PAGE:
Key Figure in Wiretapping Suit Goes Public The lead plaintiff in a warrantless wiretapping lawsuit against AT&T is talking publicly about the case. Congress may grant AT&T and other firms retroactive legal immunity. That could end a flurry of lawsuits opposing the Bush administration's post-Sept. 11 eavesdropping program.

Key Figure in Wiretapping Suit Goes Public

Key Figure in Wiretapping Suit Goes Public

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The lead plaintiff in a warrantless wiretapping lawsuit against AT&T is talking publicly about the case. Congress may grant AT&T and other firms retroactive legal immunity. That could end a flurry of lawsuits opposing the Bush administration's post-Sept. 11 eavesdropping program.


Ever since a temporary spying law expired last month, House Democratic leaders have been in a standoff with the White House. At issue is whether phone companies that went along with the Bush administration's warrantless wiretapping program should be granted immunity from the dozens of lawsuits they now face.

The House passed an updated spying bill with no such immunity. The Senate's version, backed by the White House, includes immunity. As pressure mounts for the House to pass the Senate bill, the lead plaintiff in a lawsuit against AT&T is going public.

NPR's David Welna spoke with him.

DAVID WELNA: When news broke more than two years ago that the federal government had been monitoring Americans' international phone calls and emails without court orders, a 35-year-old northern California engineer named Tash Hepting decided to take action. He agreed to be the lead plaintiff in a class action lawsuit being brought by a privacy protection group he belongs to, the Electronic Frontier Foundation.

Mr. TASH HEPTING (Lead Plaintiff, Class Action Lawsuit): I had to have a long serious talk with my wife and some other members of my family to decide whether or not this was something I really wanted to do. I'm a fairly private person and I felt more than a little nervous about sticking my neck out.

WELNA: Hepting says his concern with civil liberties dates back to hearing what happened when his father, as a 13-year-old boy, picked up a shortwave broadcast from a station in mainland China.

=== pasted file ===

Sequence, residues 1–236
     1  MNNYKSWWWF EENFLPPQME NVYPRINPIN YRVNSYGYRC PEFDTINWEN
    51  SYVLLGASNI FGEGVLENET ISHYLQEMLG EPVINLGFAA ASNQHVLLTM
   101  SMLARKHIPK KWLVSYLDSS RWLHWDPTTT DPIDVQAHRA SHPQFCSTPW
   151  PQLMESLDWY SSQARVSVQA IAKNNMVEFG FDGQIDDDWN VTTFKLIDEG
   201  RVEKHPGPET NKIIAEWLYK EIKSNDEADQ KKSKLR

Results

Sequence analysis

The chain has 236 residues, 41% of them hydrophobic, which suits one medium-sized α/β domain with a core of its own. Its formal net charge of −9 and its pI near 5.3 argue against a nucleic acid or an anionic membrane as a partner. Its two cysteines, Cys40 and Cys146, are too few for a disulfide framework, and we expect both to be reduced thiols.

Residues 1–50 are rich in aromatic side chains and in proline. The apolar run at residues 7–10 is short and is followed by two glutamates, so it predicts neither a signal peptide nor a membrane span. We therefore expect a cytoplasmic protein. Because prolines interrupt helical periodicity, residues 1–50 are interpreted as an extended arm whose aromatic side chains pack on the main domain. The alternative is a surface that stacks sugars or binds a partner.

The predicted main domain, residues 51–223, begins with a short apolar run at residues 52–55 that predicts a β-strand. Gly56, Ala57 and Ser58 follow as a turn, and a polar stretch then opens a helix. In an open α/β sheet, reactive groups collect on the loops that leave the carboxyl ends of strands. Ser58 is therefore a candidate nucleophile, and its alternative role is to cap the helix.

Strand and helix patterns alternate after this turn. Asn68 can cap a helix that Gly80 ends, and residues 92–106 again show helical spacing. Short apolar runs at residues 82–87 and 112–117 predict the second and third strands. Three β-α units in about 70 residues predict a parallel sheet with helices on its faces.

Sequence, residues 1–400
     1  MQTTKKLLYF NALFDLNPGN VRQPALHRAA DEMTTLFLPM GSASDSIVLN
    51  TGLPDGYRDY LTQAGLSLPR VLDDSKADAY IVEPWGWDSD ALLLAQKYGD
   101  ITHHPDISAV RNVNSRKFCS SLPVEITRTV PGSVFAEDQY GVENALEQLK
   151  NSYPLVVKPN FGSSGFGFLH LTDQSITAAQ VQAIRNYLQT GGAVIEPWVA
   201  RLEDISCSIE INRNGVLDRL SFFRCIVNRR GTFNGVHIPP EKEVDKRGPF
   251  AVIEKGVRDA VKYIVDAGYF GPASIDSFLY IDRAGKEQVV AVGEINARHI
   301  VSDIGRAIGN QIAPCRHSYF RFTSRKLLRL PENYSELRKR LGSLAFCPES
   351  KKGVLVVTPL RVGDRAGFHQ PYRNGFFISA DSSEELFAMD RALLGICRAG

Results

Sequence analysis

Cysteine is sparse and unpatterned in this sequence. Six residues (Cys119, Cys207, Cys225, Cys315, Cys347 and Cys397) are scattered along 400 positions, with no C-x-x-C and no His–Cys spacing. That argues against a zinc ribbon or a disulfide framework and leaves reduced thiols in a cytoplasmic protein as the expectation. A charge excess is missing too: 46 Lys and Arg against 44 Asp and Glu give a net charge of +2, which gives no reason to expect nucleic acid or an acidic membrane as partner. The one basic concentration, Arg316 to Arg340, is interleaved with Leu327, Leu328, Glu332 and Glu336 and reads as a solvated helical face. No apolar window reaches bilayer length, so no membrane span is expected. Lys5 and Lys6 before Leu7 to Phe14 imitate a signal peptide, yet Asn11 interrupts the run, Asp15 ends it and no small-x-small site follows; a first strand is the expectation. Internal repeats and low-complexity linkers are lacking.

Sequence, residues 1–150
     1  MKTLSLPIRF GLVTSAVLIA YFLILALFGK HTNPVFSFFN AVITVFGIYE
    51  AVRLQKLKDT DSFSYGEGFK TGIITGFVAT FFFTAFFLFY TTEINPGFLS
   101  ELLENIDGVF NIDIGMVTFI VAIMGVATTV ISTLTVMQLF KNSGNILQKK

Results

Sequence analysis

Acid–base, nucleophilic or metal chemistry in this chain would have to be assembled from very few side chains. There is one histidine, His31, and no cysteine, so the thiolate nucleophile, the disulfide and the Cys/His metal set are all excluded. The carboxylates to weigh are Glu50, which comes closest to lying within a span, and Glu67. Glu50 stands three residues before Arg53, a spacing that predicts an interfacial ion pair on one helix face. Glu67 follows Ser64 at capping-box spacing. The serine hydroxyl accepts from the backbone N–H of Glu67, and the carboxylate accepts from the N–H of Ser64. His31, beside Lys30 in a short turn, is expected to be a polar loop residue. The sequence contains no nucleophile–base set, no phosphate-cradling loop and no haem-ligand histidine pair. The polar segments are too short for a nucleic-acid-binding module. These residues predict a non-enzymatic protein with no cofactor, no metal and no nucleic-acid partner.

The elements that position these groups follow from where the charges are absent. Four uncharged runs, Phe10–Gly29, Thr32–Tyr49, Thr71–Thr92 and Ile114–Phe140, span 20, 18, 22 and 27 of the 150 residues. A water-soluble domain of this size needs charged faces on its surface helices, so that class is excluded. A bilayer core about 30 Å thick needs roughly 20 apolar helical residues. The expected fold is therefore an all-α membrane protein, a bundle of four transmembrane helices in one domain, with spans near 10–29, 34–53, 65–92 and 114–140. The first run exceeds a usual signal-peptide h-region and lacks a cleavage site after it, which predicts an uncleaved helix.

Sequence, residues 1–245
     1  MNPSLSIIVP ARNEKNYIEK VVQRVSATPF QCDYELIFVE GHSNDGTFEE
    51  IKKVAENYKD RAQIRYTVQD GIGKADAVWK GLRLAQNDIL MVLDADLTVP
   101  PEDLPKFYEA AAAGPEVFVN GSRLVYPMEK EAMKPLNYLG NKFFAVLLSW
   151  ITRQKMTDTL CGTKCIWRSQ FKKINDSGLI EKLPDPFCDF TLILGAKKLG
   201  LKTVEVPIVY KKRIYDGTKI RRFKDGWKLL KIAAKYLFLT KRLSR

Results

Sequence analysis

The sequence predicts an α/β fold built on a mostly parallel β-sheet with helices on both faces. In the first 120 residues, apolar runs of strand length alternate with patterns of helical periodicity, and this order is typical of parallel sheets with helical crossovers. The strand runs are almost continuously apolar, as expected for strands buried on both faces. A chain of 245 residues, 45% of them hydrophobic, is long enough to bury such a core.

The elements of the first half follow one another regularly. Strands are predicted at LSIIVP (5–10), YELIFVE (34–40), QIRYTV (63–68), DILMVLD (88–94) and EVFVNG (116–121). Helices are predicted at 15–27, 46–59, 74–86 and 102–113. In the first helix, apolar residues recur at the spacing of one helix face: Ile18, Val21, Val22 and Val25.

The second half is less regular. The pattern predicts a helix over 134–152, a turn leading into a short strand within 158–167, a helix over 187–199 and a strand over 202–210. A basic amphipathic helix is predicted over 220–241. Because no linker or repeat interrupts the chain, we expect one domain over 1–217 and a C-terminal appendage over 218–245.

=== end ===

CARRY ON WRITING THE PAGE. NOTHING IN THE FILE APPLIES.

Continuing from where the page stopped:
Mr. HEPTING: So he writes to them, they send him back a QSL card and then they start sending him communist propaganda. Not that he particularly cared about it, but other people apparently did. Shortly after that he got a notice from the government — it as kind a postcard — and it informed him that all of his international correspondence was now being monitored.

WELNA: And it would continue to be monitored as his father went through high school and college. Hepting, as a subscriber to AT&T's long distance service, who'd made overseas calls, concluded his own communications had been monitored in what he considered an illegal government program.

Last week President Bush angrily defended that program.

President GEORGE W. BUSH: It was legal. And now all of the sudden plaintiff's attorneys, class action plaintiff's attorneys, you know - I don't want to try to get inside their head - I suspect they see, you know, a financial gravy train.

WELNA: That argument that the lawsuits against phone companies are more about lining trial lawyers' pockets than defending civil liberties is what Hepting says prompted him to go public.

Mr. HEPTING: Frankly I was more than a little insulted by that. You know, I have a very principled stand on this and a very strong belief about it, and it is not about the money. It's about wrong and right, it's about obeying the rule of law and it's about repercussions when you break the law.

WELNA: Those repercussions could be huge if all the damages sought were awarded. The AT&T class action lawsuit involves millions of customers who could each claim thousands of dollars. Hepting says that's not what motivates him.

Mr. HEPTING: What is important to me is not how much money we get out of it. What's important is that the amount of money that is assessed as damages has to be a sufficient amount to discourage future behavior. When it comes down to it, the most effective way to change corporate behavior is to affect the bottom line. If an action is not profitable, they won't do it.

WELNA: And Hepting applauds House Democratic leaders for so far refusing to vote on a bill with immunity for the phone companies.

Mr. HEPTING: It makes me feel good, makes me feel good to be represented by people of that caliber who are willing to stand up to an administration who's trying to go around them and circumvent the law.

WELNA: But the Democratic chairman of the Senate Intelligence Committee, Jay Rockefeller, agrees with President Bush, the phone companies need immunity if they're to be counted on for future cooperation. He predicts that a plaintiff like Hepting will not have his day in court.

Senator JAY ROCKEFELLER (Democrat, West Virginia, Chairman, Senate Intelligence Committee): There's no way they can do it because of the State's Secrets Act. The plaintiff will never get to find out anything.

WELNA: Even if there's not immunity?

Sen. ROCKEFELLER: Oh, if there's no immunity it may be different.

WELNA: But Rockefeller is confident that ultimately there will be immunity for the phone companies. The House is to act on the issue next week.

David Welna, NPR News.

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